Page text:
Calcs 62 Earns Share of Top Spot

By Associated PressMarch 10, 2007, 5:00 pm
2007 PODS ChampionshipPALM HARBOR, Fla. -- Mark Calcavecchia felt confident about his game and fell in love with his putter. That's a rare combination for him, so he had a hunch that Saturday would bring him a good round in the PODS Championship.
 
He never could have imagined this.
 
The 46-year-old Calcavecchia made 10 birdies and tied the Copperhead course record at Innisbrook with a 9-under 62, going from the middle of the pack to a share of the lead with Heath Slocum, who birdied the last hole for a 67.
 
K.J. Choi shot 67 and was another shot behind.
 
'I don't see any reason why I can't finish it off,' Calcavecchia said.
 
After the way his week started, it was still hard to believe he was in this position.
 
Coming off a missed cut at the Honda Classic, Calcavecchia opened with a 75 by taking 36 putts, then packed his bags that evening expecting to miss the cut. But he tried out a new putter that he bought over the weekend -- that's right, he paid for it himself -- and has been knocking in putts from everywhere.
 
He has taken only 46 putts over the last two days, and he finished the third round strong.
 
Calcavecchia hit a 3-iron into about 6 feet on the par-3 17th, then hit a sweeping hooking with a 7-iron out of a fairway bunker on the 18th and made a 20-foot birdie to tie the course record set by Jeff Sluman in the first round in 2004.
 
He and Slocum were at 9-under 204, but there work was far from finished. Five players were within three shots of the lead, including Lucas Glover (67) and Chris DiMarco (69), and a dozen others were within five shots.
 
Calcavecchia rarely lacks for entertainment, especially when it comes to his putting.
 
It got so bad last week at the Honda Classic that after making a short birdie putt on his 12th hole, he stepped it off shoe-to-shoe to measure the distance (and found out later it was 4 feet, 2 inches).
 
'That was the longest of the week,' he said.
 
After missing the cut, he went to a golf retail store looking for a long-handled putter, didn't like the choices and settled on a conventional Ping model that suited his eye and cost him $256.18. It's probably a good thing that he paid for it, because that would be less incentive to break it. That goes into his decision on which putter to use.
 
'I just kind of look at it and see which one looks less ugly to me,' he said. 'Or which one I really wouldn't mind breaking some time during the course of the round.'
 
He also made a slight change in his stroke, pulling more with his left hand.
 
Either way, he started pouring in putts from everywhere, climbing the leaderboard and getting everyone's attention.
 
'When everyone saw him get hot, they started to chase,' Glover said. 'When I looked up at the board on 12, I said, 'Man, I've gotta go if I want to be there.' I think everyone got aggressive.'
 
Slocum pecked away on the back nine, making birdie on the tough 16th and following that with a 10-footer on the 18th. He will be in the final group, with one eye over his shoulder.
 
'It's so crammed at the top,' Slocum said. 'Calc proved today you can shoot a low number, although I didn't think anyone could shoot that low. Wow.'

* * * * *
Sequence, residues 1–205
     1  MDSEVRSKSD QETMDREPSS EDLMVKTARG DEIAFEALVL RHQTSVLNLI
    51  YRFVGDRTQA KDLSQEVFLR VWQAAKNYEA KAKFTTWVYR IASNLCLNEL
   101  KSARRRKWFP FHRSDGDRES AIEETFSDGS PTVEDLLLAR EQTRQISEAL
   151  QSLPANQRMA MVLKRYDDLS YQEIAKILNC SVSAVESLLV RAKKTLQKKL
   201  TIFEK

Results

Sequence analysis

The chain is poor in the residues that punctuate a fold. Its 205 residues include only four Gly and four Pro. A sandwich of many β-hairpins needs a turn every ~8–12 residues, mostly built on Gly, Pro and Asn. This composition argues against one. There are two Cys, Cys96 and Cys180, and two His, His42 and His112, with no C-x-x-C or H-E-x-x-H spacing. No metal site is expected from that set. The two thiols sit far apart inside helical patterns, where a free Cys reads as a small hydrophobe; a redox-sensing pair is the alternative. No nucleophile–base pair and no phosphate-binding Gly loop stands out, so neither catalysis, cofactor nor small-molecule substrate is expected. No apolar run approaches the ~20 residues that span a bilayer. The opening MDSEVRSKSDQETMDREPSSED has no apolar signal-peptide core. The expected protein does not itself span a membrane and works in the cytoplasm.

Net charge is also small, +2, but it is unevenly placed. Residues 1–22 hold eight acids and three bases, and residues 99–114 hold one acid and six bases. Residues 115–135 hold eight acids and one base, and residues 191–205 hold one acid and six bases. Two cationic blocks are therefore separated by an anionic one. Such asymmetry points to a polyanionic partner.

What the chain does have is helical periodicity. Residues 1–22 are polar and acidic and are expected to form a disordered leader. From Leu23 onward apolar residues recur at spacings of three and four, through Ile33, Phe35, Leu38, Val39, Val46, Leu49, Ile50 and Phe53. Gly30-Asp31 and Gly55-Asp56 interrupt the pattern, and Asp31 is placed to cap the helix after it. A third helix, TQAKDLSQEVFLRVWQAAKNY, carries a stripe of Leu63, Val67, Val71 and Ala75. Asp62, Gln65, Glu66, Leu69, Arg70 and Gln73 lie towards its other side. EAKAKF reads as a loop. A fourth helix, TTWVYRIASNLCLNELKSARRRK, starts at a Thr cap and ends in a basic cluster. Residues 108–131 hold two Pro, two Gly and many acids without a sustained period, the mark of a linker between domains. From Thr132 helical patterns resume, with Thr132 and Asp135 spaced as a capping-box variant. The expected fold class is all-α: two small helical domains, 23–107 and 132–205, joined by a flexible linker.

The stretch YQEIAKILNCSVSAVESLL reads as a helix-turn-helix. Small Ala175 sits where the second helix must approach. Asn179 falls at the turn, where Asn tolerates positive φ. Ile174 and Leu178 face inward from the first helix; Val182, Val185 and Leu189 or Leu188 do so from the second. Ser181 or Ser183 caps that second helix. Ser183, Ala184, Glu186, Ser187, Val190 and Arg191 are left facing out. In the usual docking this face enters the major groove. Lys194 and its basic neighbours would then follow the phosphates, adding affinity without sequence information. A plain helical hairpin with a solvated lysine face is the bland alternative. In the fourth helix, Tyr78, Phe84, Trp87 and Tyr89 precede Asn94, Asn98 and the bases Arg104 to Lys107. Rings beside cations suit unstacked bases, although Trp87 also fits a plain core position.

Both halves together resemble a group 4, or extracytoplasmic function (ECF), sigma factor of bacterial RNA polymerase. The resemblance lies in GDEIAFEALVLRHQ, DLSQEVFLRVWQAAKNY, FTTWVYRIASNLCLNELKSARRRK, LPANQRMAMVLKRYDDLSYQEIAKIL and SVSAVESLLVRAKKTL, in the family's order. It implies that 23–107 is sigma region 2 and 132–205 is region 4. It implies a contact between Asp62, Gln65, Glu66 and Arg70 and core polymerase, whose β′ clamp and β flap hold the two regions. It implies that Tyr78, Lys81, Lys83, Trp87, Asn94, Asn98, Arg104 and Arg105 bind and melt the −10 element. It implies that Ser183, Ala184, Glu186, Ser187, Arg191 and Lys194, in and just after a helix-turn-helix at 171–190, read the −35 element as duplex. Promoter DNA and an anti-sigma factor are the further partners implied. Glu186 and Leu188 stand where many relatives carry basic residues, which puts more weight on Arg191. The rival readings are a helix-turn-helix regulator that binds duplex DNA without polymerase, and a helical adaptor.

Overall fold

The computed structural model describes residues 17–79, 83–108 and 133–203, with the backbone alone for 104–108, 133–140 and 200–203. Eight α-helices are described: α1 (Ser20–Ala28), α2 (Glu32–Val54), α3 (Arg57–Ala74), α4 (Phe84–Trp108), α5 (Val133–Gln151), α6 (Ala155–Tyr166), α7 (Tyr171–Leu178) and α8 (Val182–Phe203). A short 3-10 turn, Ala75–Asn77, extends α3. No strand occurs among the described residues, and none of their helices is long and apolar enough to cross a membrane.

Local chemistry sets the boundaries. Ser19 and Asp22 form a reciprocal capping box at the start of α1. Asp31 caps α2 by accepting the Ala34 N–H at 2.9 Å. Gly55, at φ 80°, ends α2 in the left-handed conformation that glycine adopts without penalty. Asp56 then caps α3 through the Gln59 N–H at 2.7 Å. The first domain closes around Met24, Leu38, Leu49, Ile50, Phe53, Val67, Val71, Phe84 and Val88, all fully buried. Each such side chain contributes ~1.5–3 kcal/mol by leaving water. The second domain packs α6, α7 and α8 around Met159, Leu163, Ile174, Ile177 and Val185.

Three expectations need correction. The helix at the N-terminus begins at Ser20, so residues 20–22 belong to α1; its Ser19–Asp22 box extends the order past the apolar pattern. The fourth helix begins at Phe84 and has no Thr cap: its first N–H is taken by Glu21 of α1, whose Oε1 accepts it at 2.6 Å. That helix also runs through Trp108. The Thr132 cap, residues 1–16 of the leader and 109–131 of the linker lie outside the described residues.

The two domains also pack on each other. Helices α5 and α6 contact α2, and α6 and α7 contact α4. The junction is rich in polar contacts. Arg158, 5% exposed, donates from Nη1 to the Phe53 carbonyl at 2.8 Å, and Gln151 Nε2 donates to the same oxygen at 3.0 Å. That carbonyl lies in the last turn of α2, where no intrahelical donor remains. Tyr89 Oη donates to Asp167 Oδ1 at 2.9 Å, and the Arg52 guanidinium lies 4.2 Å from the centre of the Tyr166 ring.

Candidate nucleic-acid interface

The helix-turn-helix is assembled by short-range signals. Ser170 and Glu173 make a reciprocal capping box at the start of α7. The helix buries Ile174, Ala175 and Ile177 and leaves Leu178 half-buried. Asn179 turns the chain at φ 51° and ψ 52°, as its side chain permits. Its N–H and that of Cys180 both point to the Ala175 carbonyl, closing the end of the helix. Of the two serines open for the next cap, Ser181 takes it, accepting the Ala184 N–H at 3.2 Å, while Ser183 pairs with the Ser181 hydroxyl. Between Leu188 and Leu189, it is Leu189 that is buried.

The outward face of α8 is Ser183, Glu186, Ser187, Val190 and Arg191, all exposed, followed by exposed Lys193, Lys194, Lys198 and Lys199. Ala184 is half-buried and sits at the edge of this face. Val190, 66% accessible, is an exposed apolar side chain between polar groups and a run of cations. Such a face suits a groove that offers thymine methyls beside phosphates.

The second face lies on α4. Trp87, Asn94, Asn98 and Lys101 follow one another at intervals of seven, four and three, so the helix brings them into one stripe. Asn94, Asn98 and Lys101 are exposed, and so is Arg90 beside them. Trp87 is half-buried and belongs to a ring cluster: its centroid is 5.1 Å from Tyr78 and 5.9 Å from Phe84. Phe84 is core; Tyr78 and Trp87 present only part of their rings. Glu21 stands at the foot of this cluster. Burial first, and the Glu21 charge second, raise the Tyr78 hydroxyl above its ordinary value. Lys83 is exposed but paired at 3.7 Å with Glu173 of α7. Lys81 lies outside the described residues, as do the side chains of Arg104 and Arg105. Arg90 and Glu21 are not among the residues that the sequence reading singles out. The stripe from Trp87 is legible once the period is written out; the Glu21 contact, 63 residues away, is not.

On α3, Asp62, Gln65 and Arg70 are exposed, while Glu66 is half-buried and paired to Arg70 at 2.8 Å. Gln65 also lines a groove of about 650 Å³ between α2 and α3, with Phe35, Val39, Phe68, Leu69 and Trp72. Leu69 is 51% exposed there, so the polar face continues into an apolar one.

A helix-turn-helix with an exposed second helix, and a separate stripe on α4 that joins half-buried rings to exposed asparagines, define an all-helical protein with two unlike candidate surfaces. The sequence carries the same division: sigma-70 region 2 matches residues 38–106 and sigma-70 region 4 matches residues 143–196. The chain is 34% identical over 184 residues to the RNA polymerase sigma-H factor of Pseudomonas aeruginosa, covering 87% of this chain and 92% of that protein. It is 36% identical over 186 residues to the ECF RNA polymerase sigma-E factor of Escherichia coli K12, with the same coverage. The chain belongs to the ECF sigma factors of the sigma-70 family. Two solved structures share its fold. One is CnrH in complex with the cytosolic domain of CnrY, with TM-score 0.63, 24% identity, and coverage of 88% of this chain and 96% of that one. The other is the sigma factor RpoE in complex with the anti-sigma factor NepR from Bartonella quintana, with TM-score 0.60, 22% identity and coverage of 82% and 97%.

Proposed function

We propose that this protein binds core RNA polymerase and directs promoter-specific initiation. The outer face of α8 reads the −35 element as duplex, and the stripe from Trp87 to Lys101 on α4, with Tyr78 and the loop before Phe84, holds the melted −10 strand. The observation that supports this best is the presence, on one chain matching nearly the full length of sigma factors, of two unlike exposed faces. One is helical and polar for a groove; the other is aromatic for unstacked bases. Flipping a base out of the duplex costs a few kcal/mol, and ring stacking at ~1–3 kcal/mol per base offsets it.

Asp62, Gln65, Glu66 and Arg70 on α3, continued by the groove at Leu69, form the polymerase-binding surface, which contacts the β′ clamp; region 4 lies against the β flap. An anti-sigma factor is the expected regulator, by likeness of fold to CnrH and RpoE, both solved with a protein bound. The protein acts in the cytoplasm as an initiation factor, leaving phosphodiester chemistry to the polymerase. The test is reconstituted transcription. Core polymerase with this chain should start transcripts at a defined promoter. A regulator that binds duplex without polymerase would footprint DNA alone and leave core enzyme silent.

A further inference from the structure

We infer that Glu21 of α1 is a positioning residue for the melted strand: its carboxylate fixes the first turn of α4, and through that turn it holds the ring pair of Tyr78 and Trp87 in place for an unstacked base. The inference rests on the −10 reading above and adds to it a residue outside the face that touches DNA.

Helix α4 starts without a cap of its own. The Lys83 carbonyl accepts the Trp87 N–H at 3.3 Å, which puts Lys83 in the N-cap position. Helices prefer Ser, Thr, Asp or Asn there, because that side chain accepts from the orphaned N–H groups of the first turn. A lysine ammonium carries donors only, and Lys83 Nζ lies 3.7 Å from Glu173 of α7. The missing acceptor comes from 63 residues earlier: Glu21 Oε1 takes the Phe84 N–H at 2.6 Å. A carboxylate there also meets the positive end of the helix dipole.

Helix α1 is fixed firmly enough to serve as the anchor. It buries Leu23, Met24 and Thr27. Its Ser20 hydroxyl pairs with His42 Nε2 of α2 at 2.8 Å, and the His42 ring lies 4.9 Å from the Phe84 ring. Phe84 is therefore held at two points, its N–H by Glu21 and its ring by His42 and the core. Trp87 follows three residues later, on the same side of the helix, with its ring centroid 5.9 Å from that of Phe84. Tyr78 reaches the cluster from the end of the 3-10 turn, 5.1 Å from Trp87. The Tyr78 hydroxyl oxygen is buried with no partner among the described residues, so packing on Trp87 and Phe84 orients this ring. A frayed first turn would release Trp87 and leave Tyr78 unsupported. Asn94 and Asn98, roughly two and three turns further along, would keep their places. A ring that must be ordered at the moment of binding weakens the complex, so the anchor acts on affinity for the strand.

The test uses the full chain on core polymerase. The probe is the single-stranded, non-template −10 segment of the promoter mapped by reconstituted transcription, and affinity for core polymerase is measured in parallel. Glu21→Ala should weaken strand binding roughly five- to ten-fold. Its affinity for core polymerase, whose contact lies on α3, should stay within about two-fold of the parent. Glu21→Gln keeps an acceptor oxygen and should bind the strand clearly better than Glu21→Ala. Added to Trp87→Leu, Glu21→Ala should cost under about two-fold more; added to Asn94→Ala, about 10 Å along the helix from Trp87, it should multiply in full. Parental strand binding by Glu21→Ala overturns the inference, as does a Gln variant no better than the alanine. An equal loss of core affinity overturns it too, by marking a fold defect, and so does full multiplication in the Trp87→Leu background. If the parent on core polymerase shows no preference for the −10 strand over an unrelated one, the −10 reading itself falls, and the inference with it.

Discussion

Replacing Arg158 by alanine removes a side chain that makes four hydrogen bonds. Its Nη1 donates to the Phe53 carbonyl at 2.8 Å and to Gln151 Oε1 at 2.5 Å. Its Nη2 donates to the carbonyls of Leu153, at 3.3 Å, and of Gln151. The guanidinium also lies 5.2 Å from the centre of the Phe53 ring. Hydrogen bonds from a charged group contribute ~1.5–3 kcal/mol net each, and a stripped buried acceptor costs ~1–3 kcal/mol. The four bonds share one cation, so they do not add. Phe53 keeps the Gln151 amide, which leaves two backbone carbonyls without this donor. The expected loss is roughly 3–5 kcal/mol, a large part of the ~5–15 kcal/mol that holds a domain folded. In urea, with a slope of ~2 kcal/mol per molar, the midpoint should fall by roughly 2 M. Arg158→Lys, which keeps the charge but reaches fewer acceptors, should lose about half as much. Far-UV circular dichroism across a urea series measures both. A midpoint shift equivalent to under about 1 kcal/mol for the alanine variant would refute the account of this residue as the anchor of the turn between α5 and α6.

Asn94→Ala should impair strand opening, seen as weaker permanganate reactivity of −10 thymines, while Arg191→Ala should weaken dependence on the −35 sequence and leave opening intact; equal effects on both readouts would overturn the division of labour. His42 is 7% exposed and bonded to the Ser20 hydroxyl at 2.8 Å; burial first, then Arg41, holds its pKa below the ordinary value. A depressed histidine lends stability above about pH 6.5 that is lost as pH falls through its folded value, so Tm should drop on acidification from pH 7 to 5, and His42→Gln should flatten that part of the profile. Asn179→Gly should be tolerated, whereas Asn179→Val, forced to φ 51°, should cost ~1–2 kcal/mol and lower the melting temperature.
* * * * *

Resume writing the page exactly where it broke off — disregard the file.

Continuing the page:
It figures to change slight Sunday, with tougher hole locations and the pressure of the final round.
 
Calcavecchia surely will feel some of that.
 
He is a 12-time winner on the PGA Tour, including a British Open, but at age 46, these chances don't come along very often.
 
He is not the model of fitness in golf, and his body creaks so much that he started taking pills of glucose and other herbal extracts that have helped soothe his joints. Foremost is his putting.
 
'The older you get, the harder it gets,' he said. 'Chances aren't as readily available as they used to be for me. So I'm sure I'll be nervous tomorrow just like everybody was last week, and everybody was the week before. I'll give it my best shot.'
 
It's also a big week for Eric Larson, his caddie. Calcavecchia already told him this would be there last week for a while because he likes to give several caddies a chance to work for him.
 
Larson, one of the most likable loopers on tour, spent 11 years in prison after he was convicted of being the middle man in a small-time drug ring. When he got out, Calcavecchia wanted to help him with his second chance.
 
'I paid him fairly well for our two top 10s,' he said. 'That really got him out of a bind. I felt good about that. I would like to write him an extra big check. This would be a nice way to enjoy next week and give Eric a month of two off.'
 
Divots
Slocum played on the same high school golf team as Boo Weekley, who played in the final group last week at the Honda Classic and lost in a four-man playoff. ... Calcavecchia said the USGA's proposal to limit the amount of spin produced by grooves in the irons was 'ridiculous.' It was his 8-iron out of the rough in the '87 Honda Classic that spun back on the green that first got the USGA's attention, leading to lawsuits that were settled out of court. 'It's not the grooves,' he said. 'It's the ball.' ... Two of the more promising young players on tour -- 24-year-old Ryan Moore and 21-year-old Anthony Kim -- were paired Saturday. Both shot 68 and were at 5-under 208.
 
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    What's in the bag: CareerBuilder winner Rahm

    By Golf Channel DigitalJanuary 22, 2018, 10:37 pm

    Jon Rahm defeated Andrew Landry in a playoff to earn his second PGA Tour title at the CareerBuilder Challenge. Here's what's in his bag:

    Driver: TaylorMade M4 (9.5 degrees), with Aldila Tour Green 75 TX shaft

    Fairway wood: TaylorMade M3 (19 degrees), with Aldila Tour Green 75 TX shaft

    Irons: TaylorMade P790 (3), P750 (4-PW), with Project X 6.5 shafts

    Wedges: TaylorMade Milled Grind (52, 56 degrees), Milled Grind Hi-Toe (60 degrees), with Project X 6.5 shafts

    Putter: TaylorMade Spider Tour Red

    Ball: TaylorMade TP5x

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    Strange irked by Rahm-Landry friendly playoff